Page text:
Influencer Marketing For Small Businesses in Five Steps
If you’re a small business, you might think that influencer marketing is too big for you. But you’re wrong! Companies of all sizes can take advantage of this strategy. It’s just about recognizing your limits and working within them.
Of course, it’s important to find influencers who align well with your brand’s values, style and marketing budget. Keep learning to get a summary of how small businesses can use influencers to promote their brands across social media.
1. Plan your campaign and prepare your social media
Any good marketing campaign starts here at the planning stage. The way you define your campaign at the start will guide the decisions you make along the way. So it is necessary to have a bright idea of what you want to achieve before you start looking for influencers.
Here’s a brief list of what you need to determine:
- What is your objective?
- What is your campaign timeline?
- Where do you want to launch your campaign?
- On which social network do you want to launch?
- Whereby many do you have in your budget for this marketing strategy?
- How many influencers do you plan to collaborate with?
- Do you want them to use any campaign-specific links, hashtags or discount codes?
German micro-influencer @_laura_hwe posting a unique discount code for home decor shop @desenio.
For small businesses, some common objectives are boosting brand awareness or bringing more traffic to your eCommerce or brick-and-mortar store. And as for social networks, one of the best options is Instagram. The network has over 1 billion monthly users, and a survey shows that 83% of Instagram users have discovered new products on the platform.
Whatever you decide, make sure your brand has a presence on that social network. If you don’t have it already, create a complete profile with a profile picture, some content, and biography and contact information. Also, make your account a business account.
Finally, devise a strategy to track your success. You’ll need to be able to see how many times a post was seen, how many times a link was clicked, etc. Google Analytics is a fabulous spot to start, as it’s a free yet powerful tool with lots of learning resources available online.
2. Find influencers and analyze their stats.
The best influencer can create or break your campaign, and as a small business, there are a few things to keep in mind.
a. Go straight for nano and micro-influencers
Small businesses likely don’t have large marketing budgets. That means you can’t afford to pay the Kim Kardashians of Instagram to promote your brand. But that’s okay! Nano and micro-influencers are here to save the day.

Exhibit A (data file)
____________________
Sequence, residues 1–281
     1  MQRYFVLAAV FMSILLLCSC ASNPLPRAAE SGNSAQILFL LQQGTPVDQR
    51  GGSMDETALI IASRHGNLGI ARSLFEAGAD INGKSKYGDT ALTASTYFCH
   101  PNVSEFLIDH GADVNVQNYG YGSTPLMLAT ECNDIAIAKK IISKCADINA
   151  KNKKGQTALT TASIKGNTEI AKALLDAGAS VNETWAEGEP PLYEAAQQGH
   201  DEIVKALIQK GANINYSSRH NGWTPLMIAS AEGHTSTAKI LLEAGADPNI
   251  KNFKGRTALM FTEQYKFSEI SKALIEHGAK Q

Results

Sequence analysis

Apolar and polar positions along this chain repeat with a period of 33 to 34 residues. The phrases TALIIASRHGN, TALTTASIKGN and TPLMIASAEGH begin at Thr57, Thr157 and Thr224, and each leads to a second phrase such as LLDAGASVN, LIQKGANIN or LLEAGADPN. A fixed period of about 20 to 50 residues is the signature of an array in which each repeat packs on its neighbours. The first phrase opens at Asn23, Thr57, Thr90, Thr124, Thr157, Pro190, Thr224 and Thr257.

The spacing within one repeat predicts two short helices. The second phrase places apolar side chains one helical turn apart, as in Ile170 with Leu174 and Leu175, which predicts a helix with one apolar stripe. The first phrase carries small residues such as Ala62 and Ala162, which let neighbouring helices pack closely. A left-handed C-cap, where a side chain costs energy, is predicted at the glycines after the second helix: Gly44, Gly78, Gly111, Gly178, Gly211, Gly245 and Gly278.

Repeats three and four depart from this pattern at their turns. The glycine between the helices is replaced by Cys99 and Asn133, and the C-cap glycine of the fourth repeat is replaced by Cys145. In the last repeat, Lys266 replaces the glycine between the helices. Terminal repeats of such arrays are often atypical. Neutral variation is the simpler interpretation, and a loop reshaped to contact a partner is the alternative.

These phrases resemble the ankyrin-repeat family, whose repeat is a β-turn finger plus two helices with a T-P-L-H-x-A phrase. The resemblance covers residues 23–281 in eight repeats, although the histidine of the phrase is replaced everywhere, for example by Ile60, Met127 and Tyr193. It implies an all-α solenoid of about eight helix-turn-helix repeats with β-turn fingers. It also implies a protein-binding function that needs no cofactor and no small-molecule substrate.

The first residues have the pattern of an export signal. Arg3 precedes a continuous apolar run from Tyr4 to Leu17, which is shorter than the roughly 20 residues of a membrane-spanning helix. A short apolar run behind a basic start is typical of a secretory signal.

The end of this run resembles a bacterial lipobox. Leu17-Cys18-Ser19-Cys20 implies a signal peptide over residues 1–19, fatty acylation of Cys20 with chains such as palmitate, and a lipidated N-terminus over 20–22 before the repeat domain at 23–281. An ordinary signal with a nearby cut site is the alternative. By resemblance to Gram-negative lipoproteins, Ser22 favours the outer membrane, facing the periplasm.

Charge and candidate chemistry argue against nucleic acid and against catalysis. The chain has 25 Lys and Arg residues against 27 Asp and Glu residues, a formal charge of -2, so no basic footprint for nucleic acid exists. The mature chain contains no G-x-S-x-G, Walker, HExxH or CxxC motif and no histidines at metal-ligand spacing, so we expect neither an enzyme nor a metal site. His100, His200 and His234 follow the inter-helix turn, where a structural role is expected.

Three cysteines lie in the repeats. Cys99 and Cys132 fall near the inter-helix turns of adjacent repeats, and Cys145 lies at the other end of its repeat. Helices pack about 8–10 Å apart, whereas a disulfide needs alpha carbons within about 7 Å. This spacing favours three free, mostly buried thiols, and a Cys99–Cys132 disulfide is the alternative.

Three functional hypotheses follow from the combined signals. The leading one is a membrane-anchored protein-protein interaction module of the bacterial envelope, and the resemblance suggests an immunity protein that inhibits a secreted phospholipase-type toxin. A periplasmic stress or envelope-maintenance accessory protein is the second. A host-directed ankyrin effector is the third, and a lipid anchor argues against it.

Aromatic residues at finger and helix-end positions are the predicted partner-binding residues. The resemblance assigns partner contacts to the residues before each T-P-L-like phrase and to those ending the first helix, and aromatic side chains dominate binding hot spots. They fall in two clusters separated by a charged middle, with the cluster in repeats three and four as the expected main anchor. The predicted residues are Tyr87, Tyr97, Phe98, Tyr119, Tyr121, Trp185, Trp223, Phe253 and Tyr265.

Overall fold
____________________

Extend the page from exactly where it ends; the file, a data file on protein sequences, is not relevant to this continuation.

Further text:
Nano influencers have 1-5K followers, and micro-influencers have 5-50K, which means they’re the cheapest influencers to collaborate with.
You can usually pay them with free products alone. But that doesn’t mean they’re not useful. Their engagement rates are generally the highest in the industry.
The commitment rate is the level of communication between an influencer and their followers. So basically, nano and micro-influencers have more laser-focused follower bases who are genuinely interested in their content.
@michael_strauss has high engagement, even among other micro-influencers.
Furthermore, nano and micro-influencers come across as authentic. They aren’t glossed-up celebrities who look perfect in every picture. They’re real people with passions for a specific topic. Their followers trust them, and that means they’re more likely to trust your brand.
b. Go local when finding influencers.
If your small business has a physical store or location, choose an influencer from that area. This way, they can visit your business and get to know your brand. Also, many of their followers will probably be located in the same area, so they’ll also have the possibility of visiting your business.
If you’re a small business online, choose an influencer that aligns with your target audience. Make sure you’re marketing to people who can take advantage of your brand and its products. It doesn’t make much sense, for example, to target a Mexican audience if your brand doesn’t operate in that country.
c. Use software to find and analyze influencers.
If you’re new to influencer marketing, it will be much easier if you have a bit of guidance. You can look directly on social media, but it may take a bit longer, and it may be more difficult to properly analyze an influencer’s performance metrics.